This piece was originally posted on Author Expressions in November 2011. I've reposted it here because I recently helped set up a writers' group at a local library. My role is to help the group get organized, build up its membership, and establish ground rules that will support the work of each member. The ultimate goal is for me to bow out and leave the group as a self-sustaining entity. As part of the introductory session I described the various kinds of groups, and the members moved towards the one that seemed most supportive and useful for them. The discussion was interesting and informative for me, so I've decided to reprint the essay I used as a springboard in my discussion.
A few weeks ago an acquaintance asked me for advice on setting up a writers' group. I immediately said, Sure. Then I paused and wondered, What kind of writers' group? My friend didn't know. I shouldn't have been surprised. Writers talk about their writers' groups usually with reverence and affection, but few actually describe what the group is like. As a result, most beginning or non writers think a writers' group is a writers' group is a writers' group. And they would be wrong.
Over the last forty plus years I have been in a variety of writers' groups, ranging from the informal two-person (actually two-woman support group for struggling dissertation writers only able to meet over lunch) to the large, highly structured group with strict membership requirements (and no nonsense whatsoever). But a few types stand out for the gratitude and affection I came to feel towards my fellow members, and these are the ones I described to my friend. This is not a definitive list, but a few suggestions for how to structure the coming-together of writers who want to help each other. These are roughly in chronological order.
First was the group of writers of all genres and all levels of publication history, including the writer who managed to get a contract for a nonfiction book about hikes in New England and then didn't look at the contract again until four months before the manuscript was due. She hadn't written a word. The purpose of this group turned out to be to provide massive amounts of encouragement and a small dose of envy for anyone who could get a contract and be so cavalier about deadlines. Another member sought information on a particular free-lance job, received highly specific warnings about avoiding this magazine at all costs, ignored them, and then received massive amounts of encouragement in suing the vendor who refused to pay her. If nothing else, this group was consistent. We were promiscuous in our praise and unstinting in our support and generally ignored all good advice.
The second group I attended seemed to be based on whom you had worked for. All genres were acceptable, including a few that had no names as yet. We all knew each other and our professional paths continued to cross. We were expected to show up with something to read at least every other week, and to take not longer than five or ten minutes. We were expected to listen attentively and offer suggestions for improvement. This was another support group but a little more discerning. It was rare that anyone said anything negative, but when someone did, we took it as a sign that we were ready to graduate and move on.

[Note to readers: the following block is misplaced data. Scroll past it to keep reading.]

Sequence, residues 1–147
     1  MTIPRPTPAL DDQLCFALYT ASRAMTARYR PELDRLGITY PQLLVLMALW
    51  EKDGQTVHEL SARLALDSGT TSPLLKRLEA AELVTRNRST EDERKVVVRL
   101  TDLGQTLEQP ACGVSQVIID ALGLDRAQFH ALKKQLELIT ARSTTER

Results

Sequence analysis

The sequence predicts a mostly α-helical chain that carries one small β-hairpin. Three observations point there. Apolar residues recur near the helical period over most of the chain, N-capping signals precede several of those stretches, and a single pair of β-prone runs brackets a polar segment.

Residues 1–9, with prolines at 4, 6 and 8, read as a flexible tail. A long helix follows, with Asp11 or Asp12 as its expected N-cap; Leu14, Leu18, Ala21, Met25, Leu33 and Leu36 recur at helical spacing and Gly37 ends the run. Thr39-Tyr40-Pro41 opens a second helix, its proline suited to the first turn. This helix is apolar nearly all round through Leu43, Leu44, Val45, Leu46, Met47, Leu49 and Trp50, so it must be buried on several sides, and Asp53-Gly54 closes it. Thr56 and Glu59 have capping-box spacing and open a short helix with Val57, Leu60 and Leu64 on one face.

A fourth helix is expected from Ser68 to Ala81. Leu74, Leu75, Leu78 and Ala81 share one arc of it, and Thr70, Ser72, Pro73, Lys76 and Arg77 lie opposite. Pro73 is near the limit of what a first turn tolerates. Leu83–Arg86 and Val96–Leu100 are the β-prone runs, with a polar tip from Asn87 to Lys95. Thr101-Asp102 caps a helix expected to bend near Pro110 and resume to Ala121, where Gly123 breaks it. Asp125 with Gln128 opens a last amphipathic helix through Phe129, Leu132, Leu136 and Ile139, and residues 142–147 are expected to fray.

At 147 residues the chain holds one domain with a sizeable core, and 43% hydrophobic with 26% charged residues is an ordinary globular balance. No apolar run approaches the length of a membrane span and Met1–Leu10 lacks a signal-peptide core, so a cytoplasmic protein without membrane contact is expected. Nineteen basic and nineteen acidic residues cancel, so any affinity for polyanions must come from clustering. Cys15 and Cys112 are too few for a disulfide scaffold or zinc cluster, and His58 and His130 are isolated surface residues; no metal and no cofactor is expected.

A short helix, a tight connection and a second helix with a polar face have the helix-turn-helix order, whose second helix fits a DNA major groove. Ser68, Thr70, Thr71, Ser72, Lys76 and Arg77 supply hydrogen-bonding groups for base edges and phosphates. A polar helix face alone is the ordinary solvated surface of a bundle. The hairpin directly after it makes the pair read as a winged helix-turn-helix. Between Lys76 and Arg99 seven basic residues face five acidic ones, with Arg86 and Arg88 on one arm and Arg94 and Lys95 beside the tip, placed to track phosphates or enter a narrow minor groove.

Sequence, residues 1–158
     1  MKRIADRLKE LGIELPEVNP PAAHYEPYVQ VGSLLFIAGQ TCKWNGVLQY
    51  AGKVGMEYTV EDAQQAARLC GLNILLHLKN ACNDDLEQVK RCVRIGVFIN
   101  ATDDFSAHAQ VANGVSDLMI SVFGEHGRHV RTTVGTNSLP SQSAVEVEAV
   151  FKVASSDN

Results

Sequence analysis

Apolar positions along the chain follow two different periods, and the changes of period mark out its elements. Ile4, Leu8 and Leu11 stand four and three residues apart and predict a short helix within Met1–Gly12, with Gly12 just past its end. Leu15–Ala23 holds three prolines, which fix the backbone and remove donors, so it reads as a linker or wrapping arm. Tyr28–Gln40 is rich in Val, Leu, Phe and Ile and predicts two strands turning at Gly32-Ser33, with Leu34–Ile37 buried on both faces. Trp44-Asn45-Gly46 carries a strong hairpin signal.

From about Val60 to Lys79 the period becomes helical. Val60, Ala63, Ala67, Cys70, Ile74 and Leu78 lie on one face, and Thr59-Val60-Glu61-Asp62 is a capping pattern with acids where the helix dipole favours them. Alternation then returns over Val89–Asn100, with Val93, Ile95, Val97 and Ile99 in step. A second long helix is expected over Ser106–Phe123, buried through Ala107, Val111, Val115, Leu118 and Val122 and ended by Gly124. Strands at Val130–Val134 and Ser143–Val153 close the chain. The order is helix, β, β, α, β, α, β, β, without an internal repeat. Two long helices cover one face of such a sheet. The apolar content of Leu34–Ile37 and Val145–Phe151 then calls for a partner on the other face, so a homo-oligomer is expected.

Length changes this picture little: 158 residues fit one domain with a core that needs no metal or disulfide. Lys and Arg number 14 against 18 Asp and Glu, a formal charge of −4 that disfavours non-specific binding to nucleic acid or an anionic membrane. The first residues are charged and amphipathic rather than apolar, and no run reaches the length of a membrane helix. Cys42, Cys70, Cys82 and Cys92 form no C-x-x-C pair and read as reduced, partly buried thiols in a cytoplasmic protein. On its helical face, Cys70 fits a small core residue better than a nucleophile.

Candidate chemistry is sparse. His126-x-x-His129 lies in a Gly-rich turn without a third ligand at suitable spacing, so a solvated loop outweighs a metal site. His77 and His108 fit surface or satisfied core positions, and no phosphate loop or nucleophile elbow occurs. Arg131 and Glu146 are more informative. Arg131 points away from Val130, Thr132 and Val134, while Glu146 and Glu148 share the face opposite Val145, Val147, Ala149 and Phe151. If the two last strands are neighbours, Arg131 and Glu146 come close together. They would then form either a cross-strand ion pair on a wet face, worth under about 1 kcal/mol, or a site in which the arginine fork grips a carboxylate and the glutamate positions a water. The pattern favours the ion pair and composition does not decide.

A third group was among the most structured, meeting once a month and requiring each writer to present a complete chapter or two (about 50 pages) for everyone to read beforehand, then listen without verbal response (eye rolling was allowed) as everyone else commented and discussed among themselves. At the end of this, if the writer was still able to speak and could stop biting his or her tongue, he or she could comment on the discussion and the specific points made. I lasted about a month (that's one meeting for those not following this discussion closely).
A variation on the third group requires that a writer send out by email or snail mail copies of whatever she or he wants to discuss at the weekly meeting, and then at the regular meeting each member can comment and discuss with other members including the writer whose work it is. No one is barred from speaking. All genres are acceptable.
A fourth group is probably the result of the first three. This group has a monitor, also a writer but one who does not participate in the readings and critiques. This person is expected to facilitate discussion, keep writers from acting out the crimes they are so graphically describing in their novels and short stories, and generally keep the group feeling positive and motivated and out of the clutches of the authorities.
These then are the four basic writers' groups. And while I might have had some unusual experiences as a writer when among other writers, I hasten to assure all you beginning writers our there that you will survive participation in a writers' group, you will learn a great deal, you will get that boost you need to finish your novel and then sell it. But in the process you will meet a few oddballs and hear some painful descriptions of your brilliant Pulitzer quality work. You may even wonder why you thought writing a novel was a good idea in the first place. But when you finally sell that novel, your writer group friends will bring a bottle of champagne, cheer you loudly, and you will know you really are a genius.